This week, Bungie is set to give players details about how it plans to improve the systems in Destiny 2. From the endgame to rewards, Bungie knows that it has a lot of work to do, and the first steps towards making Destiny 2 better will start on Wednesday’s livestream. Previously, Bungie only intended to show off gear from the upcoming Curse of Osiris DLC, but then director Luke Smith assured fans that he and the Destiny 2 development team would address improvements as well.
While there are a lot of areas where Destiny 2 can improve, there are a few that we think are the most pressing. If Destiny 2 is to be the foundation for another three years worth of content, Bungie has some work to do.
1. Crucible Balance
With every Destiny expansion typically comes a sandbox update, and we hope that Curse of Osiris is no different. In PvE, there are a few weapons (sniper rifles for example) that don’t feel worth using compared to some others, but there isn’t too much imbalance.
In PvP, however, there are only about two or three weapons that most good players use, and there are several weapon classes that barely get any attention. Uriel’s Gift, MIDA Multi-Tool, Antiope-D, and Last Hope are everywhere in PvP, while hand cannons and pulse rifles are hardly used. On PC, hand cannons and pulses are much more viable, but balance comes from making everything worthwhile in the right hands. Unfortunately, as it stands now, the Crucible is nowhere near balanced and the competitive scene has dried up.
2. Endgame Reward Systems
We don’t expect the token system to go away, but Destiny 2 needs to find a better implementation of the currency. Every vendor should have an option for players to use tokens to buy items and there should be more extensive loot tables. Events like Faction Rally and Iron Banner lack excitement because players are grinding tokens and then rolling the dice on gear, and usually coming up with a lot of duplicates.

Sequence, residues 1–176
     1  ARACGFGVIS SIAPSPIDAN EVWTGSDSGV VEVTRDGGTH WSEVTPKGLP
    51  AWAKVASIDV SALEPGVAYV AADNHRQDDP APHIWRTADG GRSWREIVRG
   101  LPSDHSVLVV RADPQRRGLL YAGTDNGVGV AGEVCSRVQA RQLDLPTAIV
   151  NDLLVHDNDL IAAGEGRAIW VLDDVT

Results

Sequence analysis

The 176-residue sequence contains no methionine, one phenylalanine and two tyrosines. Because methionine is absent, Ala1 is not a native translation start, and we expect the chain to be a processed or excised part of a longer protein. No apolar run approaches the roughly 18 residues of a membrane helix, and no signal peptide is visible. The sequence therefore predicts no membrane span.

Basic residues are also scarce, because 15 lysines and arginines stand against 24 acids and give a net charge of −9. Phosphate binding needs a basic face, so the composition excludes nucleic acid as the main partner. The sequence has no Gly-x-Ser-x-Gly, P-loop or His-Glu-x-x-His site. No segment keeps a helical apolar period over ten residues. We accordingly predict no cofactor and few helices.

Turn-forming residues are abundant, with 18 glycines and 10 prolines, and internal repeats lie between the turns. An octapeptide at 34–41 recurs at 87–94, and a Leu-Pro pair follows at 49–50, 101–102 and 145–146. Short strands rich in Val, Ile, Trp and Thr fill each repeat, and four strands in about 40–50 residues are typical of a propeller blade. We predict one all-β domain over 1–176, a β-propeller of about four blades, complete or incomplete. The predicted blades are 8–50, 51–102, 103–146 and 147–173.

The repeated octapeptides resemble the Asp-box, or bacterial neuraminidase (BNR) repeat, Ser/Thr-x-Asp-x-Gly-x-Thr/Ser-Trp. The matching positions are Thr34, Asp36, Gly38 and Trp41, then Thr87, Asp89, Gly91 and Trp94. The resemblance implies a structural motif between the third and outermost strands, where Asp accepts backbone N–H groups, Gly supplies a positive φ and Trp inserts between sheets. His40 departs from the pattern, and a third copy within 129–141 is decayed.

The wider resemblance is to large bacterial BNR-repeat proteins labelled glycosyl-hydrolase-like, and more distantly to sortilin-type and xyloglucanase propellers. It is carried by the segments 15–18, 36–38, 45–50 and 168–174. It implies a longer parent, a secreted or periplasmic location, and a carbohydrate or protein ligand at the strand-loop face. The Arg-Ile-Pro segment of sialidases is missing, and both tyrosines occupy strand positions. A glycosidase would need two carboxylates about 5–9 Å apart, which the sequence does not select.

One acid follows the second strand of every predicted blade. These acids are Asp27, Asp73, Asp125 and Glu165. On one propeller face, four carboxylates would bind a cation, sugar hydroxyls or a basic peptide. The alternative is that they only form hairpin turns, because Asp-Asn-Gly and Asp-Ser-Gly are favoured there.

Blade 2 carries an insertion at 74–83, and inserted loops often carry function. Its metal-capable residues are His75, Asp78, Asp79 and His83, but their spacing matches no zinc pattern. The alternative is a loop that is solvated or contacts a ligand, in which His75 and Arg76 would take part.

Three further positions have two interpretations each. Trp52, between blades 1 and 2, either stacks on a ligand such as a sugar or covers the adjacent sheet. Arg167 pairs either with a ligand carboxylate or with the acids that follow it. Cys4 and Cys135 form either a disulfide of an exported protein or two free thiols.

Similarly, the raid is one of the least rewarding endgame experiences, and it becomes difficult to get the items that players want. There need to be some guarantees that extend beyond the Calus chest – a way for players to acquire loot on a regular basis and not be disappointed when they only get coins. To Bungie’s credit, the studio has said that it will address this issue in Iron Banner, but a reworking of the token system in the endgame is much needed.
3. Make Smart Loot Smarter
Along with the token system, Bungie needs to address the duplicates problem in Destiny 2. Over time Bungie had introduced a smart loot system that was mostly well received and made sure that players had a good chance of getting the gear they wanted from an activity or engram. In Destiny 2, players are typically swimming in duplicates, whether it’s an exotic engram or Faction Rally loot.
If Destiny 2 is going to limit players to 30 Faction Rally engrams every event, then there must be a system in place that guarantees players can get every item within those 30 engrams. Without it, there is a lot of frustration, and many players began seeking out farming methods that are barely playing the game.
4. Make Strikes Worth Doing
Of all the activities in Destiny 2, the ones that get the least amount of love are the Strikes. In Destiny 1, players would run Strike playlists for hours because it was the best place to farm gear. But in Destiny 2 Strikes have no guarantees; they are longer than the more-rewarding Public Events, and the bosses have a confusing time-gating system.
What was once an activity that players could rush through and farm gear has now become a chore. And when the rewards are not worth that chore, very few players are willing to run Strikes. Curse of Osiris does re-introduce the Strike playlist back into the Destiny feature set, but Bungie still needs to give people a reason to run them.
5. Expand the Mod System
In theory, the mod system in Destiny 2 is a good idea. It offers players opportunities to customize their loadout to favor a particular play style. But it doesn’t have a vast scope, especially when it comes to weapons.
What we would like to see is a mod system that truly modifies weapons or armor by adding new perks or new abilities. Do you like a particular scout rifle but find it reloads a little too slow? Add an Outlaw mod and make it a viable choice in PvE or PvP. Want to increase the melee range on your gauntlets? Search out a mod to do just that.
Yes, mods like these add even more balance problems for Bungie, but it also lets players customize while still keeping static rolls on weapons. It gives them something to chase in the endgame, and more importantly, it introduces a system that better fists what modifications are all about.
Ultimately, these are some big-picture ways that Bungie can improve Destiny 2 to make it more viable in the long run. We still expect Bungie to remove the chest lockout, to increase vault size, to make menus more intuitive, but there are more significant issues plaguing Destiny 2 that have resulted in many dedicated players moving on to other games.
If Destiny 2 hopes to win players back with Curse of Osiris, the game is going to have to do more than just add new content. The game is going to have to evolve.
Destiny 2: Curse of Osiris releases December 5, 2017 for PC, PS4, and Xbox One.